The empire was threatened by war on practically every front - Britain, Raetia and Upper Germany; a rebellion was brewing in Syria, there were problems in Armenia.  Marcus was unprepared. Antoninus seems to have given him no military experience or training.  Nevertheless, during his reign, the Empire defeated a revitalized Parthian Empire in the East; Aurelius' general Avidius Cassius sacked the capital Ctesiphon in 164. In central Europe, Aurelius fought the Marcomanni, Quadi, and Sarmatians with success during the Marcomannic Wars. A revolt in the East led by Avidius Cassius failed to gain momentum and was suppressed immediately.

The returning armies carried with them a plague, afterwards known as the Antonine Plague, or the Plague of Galen, which spread through the Roman Empire between 165 and 180. The disease was a pandemic believed to be either of smallpox or measles, and claimed the life of Lucius Verus, who died in 169.  Total deaths have been estimated at five million.  Aurelius soldiered on alone.

 

Perhaps, you may say, the poor man had at least been blessed with good health to help him face all these ordeals.  Well no.   "As far as my strength is concerned, I am beginning to get it back; and there is no trace of the pain in my chest. But that ulcer ....I am having treatment and taking care not to do anything that interferes with it."  Marcus was neither healthy or strong. The Roman historian Cassius Dio, writing of his later years, praised him for behaving dutifully in spite of his various illnesses.

Here it may be worth mentioning that Marcus Aurelius took for his pain, his grief, his anxiety and his troubled mind, a heady brew called Theriac.  Theriac contains opium.  Not much, but it still contains opium.  It may also have included cannabis.  But Aurelius cannot have been an addict, because he handled the affairs of state throughout his life with extraordinary skill.

 

Both Marcus and Lucius proved popular with the people of Rome, who strongly approved of their civiliter ("lacking pomp") behavior. The emperors permitted free speech, evidenced by the fact that the comedy writer Marullus was able to criticize them without suffering retribution. At any other time, under any other emperor, he would have been executed. But it was a peaceful time, a forgiving time.

Like many emperors, Marcus spent most of his time addressing matters of law such as petitions and hearing disputes. Marcus took great care in the theory and practice of legislation. Professional jurists called him "an emperor most skilled in the law" and "a most prudent and conscientiously just emperor". He shows marked interest in three areas of the law: the manumission of slaves, the guardianship of orphans and minors, and the choice of city councillors (decuriones).

Despite his illnesses, and together with his wife Faustina, Marcus Aurelius toured the eastern provinces until 173. He visited Athens, declaring himself a protector of philosophy. After a triumph in Rome, the following year he marched again to the Danubian frontier. After a decisive victory in 178, the plan to annex Bohemia seemed poised for success but was abandoned after Marcus Aurelius fell ill in 180.  Marcus Aurelius died on 17 March 180, in the city of Vindobona (modern Vienna).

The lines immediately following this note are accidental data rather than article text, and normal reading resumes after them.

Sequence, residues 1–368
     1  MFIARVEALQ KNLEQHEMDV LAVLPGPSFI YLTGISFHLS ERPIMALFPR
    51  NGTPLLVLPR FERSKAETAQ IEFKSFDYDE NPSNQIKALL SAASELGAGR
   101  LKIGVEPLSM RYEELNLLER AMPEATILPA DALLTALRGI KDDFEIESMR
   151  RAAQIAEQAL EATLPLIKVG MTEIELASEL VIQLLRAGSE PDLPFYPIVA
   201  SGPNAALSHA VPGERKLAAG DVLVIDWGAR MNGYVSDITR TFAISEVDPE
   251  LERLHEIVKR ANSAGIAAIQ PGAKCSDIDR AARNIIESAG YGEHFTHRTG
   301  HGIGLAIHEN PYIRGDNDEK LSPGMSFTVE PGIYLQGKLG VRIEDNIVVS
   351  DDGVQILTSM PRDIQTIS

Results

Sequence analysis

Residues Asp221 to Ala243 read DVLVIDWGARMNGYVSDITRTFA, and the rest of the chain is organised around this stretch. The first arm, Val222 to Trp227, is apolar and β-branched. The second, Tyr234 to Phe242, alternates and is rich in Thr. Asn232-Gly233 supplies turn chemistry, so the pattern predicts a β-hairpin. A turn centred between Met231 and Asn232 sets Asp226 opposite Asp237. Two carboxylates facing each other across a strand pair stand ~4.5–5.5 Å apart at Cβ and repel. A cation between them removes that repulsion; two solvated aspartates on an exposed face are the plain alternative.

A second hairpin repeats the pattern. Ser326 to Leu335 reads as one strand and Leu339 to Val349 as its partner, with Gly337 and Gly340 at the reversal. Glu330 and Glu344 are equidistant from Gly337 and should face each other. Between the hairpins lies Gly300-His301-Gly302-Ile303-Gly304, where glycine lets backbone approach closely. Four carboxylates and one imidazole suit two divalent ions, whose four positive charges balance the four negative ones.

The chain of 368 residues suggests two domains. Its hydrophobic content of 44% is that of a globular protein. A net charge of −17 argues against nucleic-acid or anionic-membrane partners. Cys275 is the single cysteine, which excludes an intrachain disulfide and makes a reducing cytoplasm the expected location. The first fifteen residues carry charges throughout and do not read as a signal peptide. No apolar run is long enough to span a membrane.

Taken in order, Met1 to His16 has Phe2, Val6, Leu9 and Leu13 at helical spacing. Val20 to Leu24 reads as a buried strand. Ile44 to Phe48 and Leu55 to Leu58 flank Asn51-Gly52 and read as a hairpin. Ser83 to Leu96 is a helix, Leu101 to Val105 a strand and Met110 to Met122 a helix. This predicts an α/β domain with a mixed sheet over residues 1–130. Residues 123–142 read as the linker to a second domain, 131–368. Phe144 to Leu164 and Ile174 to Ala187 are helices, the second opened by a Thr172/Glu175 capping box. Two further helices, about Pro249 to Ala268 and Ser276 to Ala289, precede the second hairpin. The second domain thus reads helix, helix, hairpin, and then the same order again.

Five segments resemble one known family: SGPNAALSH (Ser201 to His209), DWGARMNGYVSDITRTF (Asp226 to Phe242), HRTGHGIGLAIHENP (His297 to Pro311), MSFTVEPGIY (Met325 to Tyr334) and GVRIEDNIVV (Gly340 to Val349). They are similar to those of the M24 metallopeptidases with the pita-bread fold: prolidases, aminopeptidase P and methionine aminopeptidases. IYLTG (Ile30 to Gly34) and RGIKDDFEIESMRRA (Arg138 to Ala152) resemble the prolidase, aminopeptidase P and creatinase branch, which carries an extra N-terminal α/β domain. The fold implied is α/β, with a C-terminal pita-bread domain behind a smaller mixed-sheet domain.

...[Marcus] did not meet with the good fortune that he deserved, for he was not strong in body and was involved in a multitude of troubles throughout practically his entire reign. But for my part, I admire him all the more for this very reason, that amid unusual and extraordinary difficulties he both survived himself and preserved the empire. – Cassius Dio 71.36.3–4[262]

 

Marcus Aurelius' wrote Meditations, written in Greek while on campaign between 170 and 180, it was intended to be a sort of handy reference guide for himself and was only given its title later.  The work is both philosophical and spiritual and is still revered as a literary monument to a philosophy of service and duty, describing how to find and preserve equanimity in the midst of terrible adversity and setbacks.

He had no inspiration but his own character, but I do think that this is one example where the use of opium  - in the form of Theriac - probably saved the man.  He was intelligent, in a position of great power and as we know power can corrupt, he was ill from stress and grief stricken.  But he was of sufficient strength of character to be able to use Theriac and the tiny tiny quantities of opium it contained  to gain access to higher strengths and wisdom, to help him gain access to his Higher spirit and the stoicism he needed.

Ultimately however, opium was not the mechanism by which he gained wisdom and stoicism, opium simply acted in the same way warm slippers and a glass of red wine do at the end of a hard day.  Nor was it the means by which he was able to rule an empire – it was because he Squashed the big I am.  And this is where all the observations I found to be helpful in the context of spiritual development have been placed. 

  "Alone of the emperors," wrote the historian Herodian, "he gave proof of his learning not by mere words or knowledge of philosophical doctrines but by his blameless character and temperate way of life."

 

References

All the plates on this page are of scenes on the Column of Marcus Aurelius in Rome.  The column is shown on this page and is from a print by Piranesi

Observations